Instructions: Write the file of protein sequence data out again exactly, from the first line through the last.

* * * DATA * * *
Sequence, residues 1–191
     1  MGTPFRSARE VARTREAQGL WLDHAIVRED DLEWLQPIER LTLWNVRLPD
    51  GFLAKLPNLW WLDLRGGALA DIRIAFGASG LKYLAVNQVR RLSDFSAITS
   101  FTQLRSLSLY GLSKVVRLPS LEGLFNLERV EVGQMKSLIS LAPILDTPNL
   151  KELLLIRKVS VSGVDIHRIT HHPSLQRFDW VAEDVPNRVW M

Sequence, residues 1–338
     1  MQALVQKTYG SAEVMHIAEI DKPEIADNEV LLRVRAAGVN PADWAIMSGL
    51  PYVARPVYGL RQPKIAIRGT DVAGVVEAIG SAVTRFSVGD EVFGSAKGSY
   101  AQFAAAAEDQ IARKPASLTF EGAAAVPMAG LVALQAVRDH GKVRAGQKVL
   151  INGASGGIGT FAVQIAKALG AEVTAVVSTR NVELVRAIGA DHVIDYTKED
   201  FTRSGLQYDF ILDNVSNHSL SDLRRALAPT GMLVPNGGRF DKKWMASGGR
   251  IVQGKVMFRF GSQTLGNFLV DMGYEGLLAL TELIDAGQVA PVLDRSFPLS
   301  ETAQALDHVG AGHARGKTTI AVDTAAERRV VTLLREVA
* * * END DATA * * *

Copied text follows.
Sequence, residues 1–191
     1  MGTPFRSARE VARTREAQGL WLDHAIVRED DLEWLQPIER LTLWNVRLPD
    51  GFLAKLPNLW WLDLRGGALA DIRIAFGASG LKYLAVNQVR RLSDFSAITS
   101  FTQLRSLSLY GLSKVVRLPS LEGLFNLERV EVGQMKSLIS LAPILDTPNL
   151  KELLLIRKVS VSGVDIHRIT HHPSLQRFDW VAEDVPNRVW M

Sequence, residues 1–338
     1  MQALVQKTYG SAEVMHIAEI DKPEIADNEV LLRVRAAGVN PADWAIMSGL
    51  PYVARPVYGL RQPKIAIRGT DVAGVVEAIG SAVTRFSVGD EVFGSAKGSY
   101  AQFAAAAEDQ IARKPASLTF EGAAAVPMAG LVALQAVRDH GKVRAGQKVL
   151  INGASGGIGT FAVQIAKALG AEVTAVVSTR NVELVRAIGA DHVIDYTKED
   201  FTRSGLQYDF ILDNVSNHSL SDLRRALAPT GMLVPNGGRF DKKWMASGGR
   251  IVQGKVMFRF GSQTLGNFLV DMGYEGLLAL TELIDAGQVA PVLDRSFPLS
   301  ETAQALDHVG AGHARGKTTI AVDTAAERRV VTLLREVA